• Action area 2: Promoting effective and inclusive governance for health
  • Action area 3: Building resilient and sustainable systems for health
  1. The UNDP Strategic Plan 2022 - 2025 refers to pandemic preparedness. What should UNDP be doing in this area? 

This is a great opportunity to help shape UNDP’s programme priorities for the next four years. It allows us to on reflect recent trends in global health and development and to focus our efforts to better respond to the major challenges of our time

Please remember to indicate which question you are referring to in your response. You are also welcome to respond in a language other than English – the SparkBlue platform has a translate function (see the “Select your language” option at the top right of SparkBlue). Do reach out to us if you have any trouble posting.  FYI - Moderators for week 2 will be cecilia oh and @Pivor, Jeremy. Moderators for week 3 will be @Douglas Webb and @Christine Wellington Moore.

We are excited to hear from you and to be part of the discussion!

Karin and Andrea

Cristhian Jimenez

Dear Karin and Andrea,

Thanks for opening this e-discussion! My name is Cristhian Manuel Jimenez, and I work for UNDP Dominican Republic CO as a technical assistant of the Being LGBTI in the Caribbean Project. I will answer the first question.

  1. The UNDP Strategic Plan 2022 - 2025 identifies strategic innovation, digitalization, data, and development finance as enablers for its implementation. How can these enablers strengthen UNDP’s HIV and health work?

From Dominican Republic CO we hace two examplers:

Firstly, our recent LGBTI National Survey is the first study of his kind in Central America and the Caribbean region, that provides evidence of the impact that stigma has on LGBTI people, as well as the social and economic costs related to the exclusion and discrimination to which they are subjected, which requires joint action by State institutions, civil society, academia, faith-based organizations, the media and the private sector to promote inclusion and end inequalities experienced by LGBTI people.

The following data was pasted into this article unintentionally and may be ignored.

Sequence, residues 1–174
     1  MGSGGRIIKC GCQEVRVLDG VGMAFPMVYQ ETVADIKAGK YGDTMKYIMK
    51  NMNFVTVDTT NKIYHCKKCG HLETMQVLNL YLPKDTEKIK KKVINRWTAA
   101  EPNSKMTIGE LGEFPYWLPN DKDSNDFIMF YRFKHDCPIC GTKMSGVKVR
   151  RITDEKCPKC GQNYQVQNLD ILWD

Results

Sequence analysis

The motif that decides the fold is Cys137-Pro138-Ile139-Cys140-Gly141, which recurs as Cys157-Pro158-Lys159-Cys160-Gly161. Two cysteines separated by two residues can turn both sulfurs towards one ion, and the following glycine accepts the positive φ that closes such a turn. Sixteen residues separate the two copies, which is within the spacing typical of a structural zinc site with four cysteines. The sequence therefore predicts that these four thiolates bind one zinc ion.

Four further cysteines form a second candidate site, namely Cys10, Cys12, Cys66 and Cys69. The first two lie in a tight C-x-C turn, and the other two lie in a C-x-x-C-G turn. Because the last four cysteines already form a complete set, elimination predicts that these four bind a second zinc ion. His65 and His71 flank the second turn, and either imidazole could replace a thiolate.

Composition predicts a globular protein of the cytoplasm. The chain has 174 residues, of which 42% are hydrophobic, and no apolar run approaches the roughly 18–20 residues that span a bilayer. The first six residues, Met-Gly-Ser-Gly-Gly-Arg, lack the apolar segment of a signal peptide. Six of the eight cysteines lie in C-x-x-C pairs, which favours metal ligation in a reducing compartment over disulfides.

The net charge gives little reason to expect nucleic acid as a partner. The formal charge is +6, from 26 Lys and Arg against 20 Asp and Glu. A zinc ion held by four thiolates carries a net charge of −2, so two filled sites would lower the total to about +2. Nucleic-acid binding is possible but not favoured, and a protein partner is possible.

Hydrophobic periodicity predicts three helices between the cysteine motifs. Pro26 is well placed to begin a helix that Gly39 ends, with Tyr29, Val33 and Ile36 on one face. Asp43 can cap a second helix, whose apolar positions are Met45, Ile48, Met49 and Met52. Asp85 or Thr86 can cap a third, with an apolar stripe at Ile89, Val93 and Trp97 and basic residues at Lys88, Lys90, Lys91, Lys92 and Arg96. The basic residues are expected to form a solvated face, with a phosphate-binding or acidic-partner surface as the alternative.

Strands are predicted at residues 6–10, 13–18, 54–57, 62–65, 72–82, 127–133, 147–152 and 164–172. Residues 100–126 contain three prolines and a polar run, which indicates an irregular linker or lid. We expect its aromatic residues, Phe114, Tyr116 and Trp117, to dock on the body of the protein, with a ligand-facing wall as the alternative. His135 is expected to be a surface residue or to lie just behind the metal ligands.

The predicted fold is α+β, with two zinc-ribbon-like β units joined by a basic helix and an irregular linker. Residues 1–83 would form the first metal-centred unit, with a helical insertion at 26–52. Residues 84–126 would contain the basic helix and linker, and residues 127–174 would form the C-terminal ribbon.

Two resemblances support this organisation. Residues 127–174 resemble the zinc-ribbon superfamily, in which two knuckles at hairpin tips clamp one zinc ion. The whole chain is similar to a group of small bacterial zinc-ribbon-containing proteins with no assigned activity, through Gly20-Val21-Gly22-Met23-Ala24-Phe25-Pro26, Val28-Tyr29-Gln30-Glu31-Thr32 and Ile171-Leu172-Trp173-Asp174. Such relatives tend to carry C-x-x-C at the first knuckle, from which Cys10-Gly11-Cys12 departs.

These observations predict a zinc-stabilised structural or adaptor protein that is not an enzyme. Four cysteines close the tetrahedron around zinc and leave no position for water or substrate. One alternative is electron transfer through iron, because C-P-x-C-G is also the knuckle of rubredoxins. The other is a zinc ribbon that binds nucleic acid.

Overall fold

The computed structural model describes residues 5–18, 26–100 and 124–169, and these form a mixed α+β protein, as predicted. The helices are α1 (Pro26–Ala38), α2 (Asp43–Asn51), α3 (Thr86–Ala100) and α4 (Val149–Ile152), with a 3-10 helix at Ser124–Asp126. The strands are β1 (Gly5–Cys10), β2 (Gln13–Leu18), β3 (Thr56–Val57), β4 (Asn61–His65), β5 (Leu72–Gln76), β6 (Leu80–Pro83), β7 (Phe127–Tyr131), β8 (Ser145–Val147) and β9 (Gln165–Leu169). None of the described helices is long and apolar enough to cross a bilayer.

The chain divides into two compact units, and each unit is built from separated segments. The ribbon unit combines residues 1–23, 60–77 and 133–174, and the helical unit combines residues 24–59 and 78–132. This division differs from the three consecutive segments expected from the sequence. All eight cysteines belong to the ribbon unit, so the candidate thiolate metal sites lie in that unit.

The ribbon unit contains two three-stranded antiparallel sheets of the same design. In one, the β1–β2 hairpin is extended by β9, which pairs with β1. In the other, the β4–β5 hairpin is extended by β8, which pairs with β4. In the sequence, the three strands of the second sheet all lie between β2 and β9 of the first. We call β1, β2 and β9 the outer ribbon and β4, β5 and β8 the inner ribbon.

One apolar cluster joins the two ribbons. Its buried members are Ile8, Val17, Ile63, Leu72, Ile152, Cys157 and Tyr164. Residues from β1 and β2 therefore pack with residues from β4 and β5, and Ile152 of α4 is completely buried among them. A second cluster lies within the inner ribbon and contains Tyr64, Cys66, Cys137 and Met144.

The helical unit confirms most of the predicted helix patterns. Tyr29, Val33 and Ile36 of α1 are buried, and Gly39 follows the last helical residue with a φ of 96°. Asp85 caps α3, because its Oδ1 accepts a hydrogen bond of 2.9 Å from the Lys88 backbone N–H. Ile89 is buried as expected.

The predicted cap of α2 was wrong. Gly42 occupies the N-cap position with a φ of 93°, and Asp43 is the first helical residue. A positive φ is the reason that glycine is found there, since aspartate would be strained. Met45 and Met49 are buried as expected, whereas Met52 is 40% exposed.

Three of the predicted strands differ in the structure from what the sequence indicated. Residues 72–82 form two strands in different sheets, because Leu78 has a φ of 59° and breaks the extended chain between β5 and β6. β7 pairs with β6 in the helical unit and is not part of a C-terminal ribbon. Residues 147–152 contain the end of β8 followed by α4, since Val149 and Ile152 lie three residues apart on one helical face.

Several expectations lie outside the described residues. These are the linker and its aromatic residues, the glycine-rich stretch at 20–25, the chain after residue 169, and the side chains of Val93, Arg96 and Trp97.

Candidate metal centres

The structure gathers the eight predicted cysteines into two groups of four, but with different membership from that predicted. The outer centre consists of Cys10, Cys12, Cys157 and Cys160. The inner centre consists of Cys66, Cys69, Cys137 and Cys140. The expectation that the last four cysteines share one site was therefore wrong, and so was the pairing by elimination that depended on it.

Secondly, developing researches on how the pandemic has impacted LGBTI people and other groups in vulnerable situations is another good example from our CO. You can find the document here: REPORT ON THE IMPACT OF COVID-19 IN LGBTI PEOPLE IN THE DOMINICAN REPUBLIC. This report was highlighted by the UN Independent Expert on violence and discrimination based on sexual orientation and gender identity in his report to the UN General Assembly at its 75th session, October 2020, as a best practice that governments should implement worldwide (read the Expert report here).

Both reports have catalyzed the interest of many government institutions, CSO's, academia, private sector, international cooperation partners, and other stakeholders to promote LGBTI inclusive policies nationwide with UNDP cooperation.

Hope that these examples can be helpful for the discussion, feel free to contact me in case you have any inquiries (email: cristhian.jimenez@undp.org).

Pedro Jose Reyes

Thank you for the opportunity. My name is Pedro Reyes García from UNDP Dominican Republic where I work as technical assistant for inclusion and human rights. I understand that working from what works is an excellent strategy in order to be effective and efficient in our actions focused on caring for the health of people in general and in the context of HIV.

Taking into account that LGBT people, migrants from Haiti and other refugees are part of the key populations, and that the UNS has recommended including statistics on people with disabilities as a group vulnerable to HIV, from UNDP Dominican Republic we have developed several actions in response to the impact of the Covid 19 pandemic on the aforementioned groups. Within the actions we frame two main ones; 1. The Inclusive Socioeconomic Recovery program; and 2. The Project for Strengthening the Capacities of Peer Counselors who Provide their Services at PLWHA Care Centers.

In this sense, we highlight these two actions, the first because it acts directly on the determining factors of both individual and collective health of the people who belong to these groups and the second as a fundamental element that affects the results of the strategy 95 -95-95.